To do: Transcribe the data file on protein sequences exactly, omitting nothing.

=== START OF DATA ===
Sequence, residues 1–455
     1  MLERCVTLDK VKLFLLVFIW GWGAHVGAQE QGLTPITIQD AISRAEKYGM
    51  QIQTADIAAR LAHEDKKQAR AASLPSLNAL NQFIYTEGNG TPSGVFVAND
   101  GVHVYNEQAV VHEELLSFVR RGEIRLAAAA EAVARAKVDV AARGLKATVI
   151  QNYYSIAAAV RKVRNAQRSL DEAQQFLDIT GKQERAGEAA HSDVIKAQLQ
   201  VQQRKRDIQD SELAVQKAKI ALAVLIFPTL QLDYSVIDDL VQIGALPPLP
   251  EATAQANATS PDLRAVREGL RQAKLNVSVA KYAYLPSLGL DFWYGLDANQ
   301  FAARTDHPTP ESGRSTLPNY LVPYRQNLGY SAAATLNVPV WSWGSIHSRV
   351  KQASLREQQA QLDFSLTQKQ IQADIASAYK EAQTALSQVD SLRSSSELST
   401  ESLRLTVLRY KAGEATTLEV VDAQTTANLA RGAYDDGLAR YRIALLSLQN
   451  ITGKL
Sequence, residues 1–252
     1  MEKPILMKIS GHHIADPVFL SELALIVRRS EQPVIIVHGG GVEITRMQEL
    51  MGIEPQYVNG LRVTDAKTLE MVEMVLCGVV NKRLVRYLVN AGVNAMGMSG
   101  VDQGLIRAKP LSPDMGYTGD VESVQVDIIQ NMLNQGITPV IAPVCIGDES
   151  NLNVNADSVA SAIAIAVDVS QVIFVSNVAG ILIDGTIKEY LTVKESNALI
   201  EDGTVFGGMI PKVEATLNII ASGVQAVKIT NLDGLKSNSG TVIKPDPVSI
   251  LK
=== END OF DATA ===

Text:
Sequence, residues 1–455
     1  MLERCVTLDK VKLFLLVFIW GWGAHVGAQE QGLTPITIQD AISRAEKYGM
    51  QIQTADIAAR LAHEDKKQAR AASLPSLNAL NQFIYTEGNG TPSGVFVAND
   101  GVHVYNEQAV VHEELLSFVR RGEIRLAAAA EAVARAKVDV AARGLKATVI
   151  QNYYSIAAAV RKVRNAQRSL DEAQQFLDIT GKQERAGEAA HSDVIKAQLQ
   201  VQQRKRDIQD SELAVQKAKI ALAVLIFPTL QLDYSVIDDL VQIGALPPLP
   251  EATAQANATS PDLRAVREGL RQAKLNVSVA KYAYLPSLGL DFWYGLDANQ
   301  FAARTDHPTP ESGRSTLPNY LVPYRQNLGY SAAATLNVPV WSWGSIHSRV
   351  KQASLREQQA QLDFSLTQKQ IQADIASAYK EAQTALSQVD SLRSSSELST
   401  ESLRLTVLRY KAGEATTLEV VDAQTTANLA RGAYDDGLAR YRIALLSLQN
   451  ITGKL
Sequence, residues 1–252
     1  MEKPILMKIS GHHIADPVFL SELALIVRRS EQPVIIVHGG GVEITRMQEL
    51  MGIEPQYVNG LRVTDAKTLE MVEMVLCGVV NKRLVRYLVN AGVNAMGMSG
   101  VDQGLIRAKP LSPDMGYTGD VESVQVDIIQ NMLNQGITPV IAPVCIGDES
   151  NLNVNADSVA SAIAIAVDVS QVIFVSNVAG ILIDGTIKEY LTVKESNALI
   201  EDGTVFGGMI PKVEATLNII ASGVQAVKIT NLDGLKSNSG TVIKPDPVSI
   251  LK